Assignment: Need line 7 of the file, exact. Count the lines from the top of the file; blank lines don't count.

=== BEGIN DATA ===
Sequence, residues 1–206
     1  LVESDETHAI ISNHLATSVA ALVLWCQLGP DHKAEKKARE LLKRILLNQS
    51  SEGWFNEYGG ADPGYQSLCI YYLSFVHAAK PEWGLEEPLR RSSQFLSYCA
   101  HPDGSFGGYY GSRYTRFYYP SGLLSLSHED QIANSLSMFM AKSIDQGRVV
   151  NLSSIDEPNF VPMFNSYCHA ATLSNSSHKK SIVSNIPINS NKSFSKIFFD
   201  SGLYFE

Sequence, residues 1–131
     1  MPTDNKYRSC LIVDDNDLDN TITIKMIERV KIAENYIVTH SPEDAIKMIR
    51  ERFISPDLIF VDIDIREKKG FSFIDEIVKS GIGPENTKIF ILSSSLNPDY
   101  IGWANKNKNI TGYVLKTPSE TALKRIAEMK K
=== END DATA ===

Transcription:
Sequence, residues 1–131